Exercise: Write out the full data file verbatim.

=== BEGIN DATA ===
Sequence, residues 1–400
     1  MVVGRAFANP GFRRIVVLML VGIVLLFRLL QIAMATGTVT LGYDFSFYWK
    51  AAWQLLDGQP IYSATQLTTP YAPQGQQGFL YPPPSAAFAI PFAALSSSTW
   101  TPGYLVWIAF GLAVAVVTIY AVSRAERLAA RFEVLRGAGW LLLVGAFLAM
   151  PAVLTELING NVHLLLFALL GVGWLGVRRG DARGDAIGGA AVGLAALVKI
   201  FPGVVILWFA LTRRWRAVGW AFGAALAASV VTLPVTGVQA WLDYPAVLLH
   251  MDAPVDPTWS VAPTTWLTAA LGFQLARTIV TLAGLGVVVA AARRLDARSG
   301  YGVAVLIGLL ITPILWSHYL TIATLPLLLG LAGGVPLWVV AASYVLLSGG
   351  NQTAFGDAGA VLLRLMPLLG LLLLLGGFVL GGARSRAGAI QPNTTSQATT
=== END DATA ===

Sequence, residues 1–400
     1  MVVGRAFANP GFRRIVVLML VGIVLLFRLL QIAMATGTVT LGYDFSFYWK
    51  AAWQLLDGQP IYSATQLTTP YAPQGQQGFL YPPPSAAFAI PFAALSSSTW
   101  TPGYLVWIAF GLAVAVVTIY AVSRAERLAA RFEVLRGAGW LLLVGAFLAM
   151  PAVLTELING NVHLLLFALL GVGWLGVRRG DARGDAIGGA AVGLAALVKI
   201  FPGVVILWFA LTRRWRAVGW AFGAALAASV VTLPVTGVQA WLDYPAVLLH
   251  MDAPVDPTWS VAPTTWLTAA LGFQLARTIV TLAGLGVVVA AARRLDARSG
   301  YGVAVLIGLL ITPILWSHYL TIATLPLLLG LAGGVPLWVV AASYVLLSGG
   351  NQTAFGDAGA VLLRLMPLLG LLLLLGGFVL GGARSRAGAI QPNTTSQATT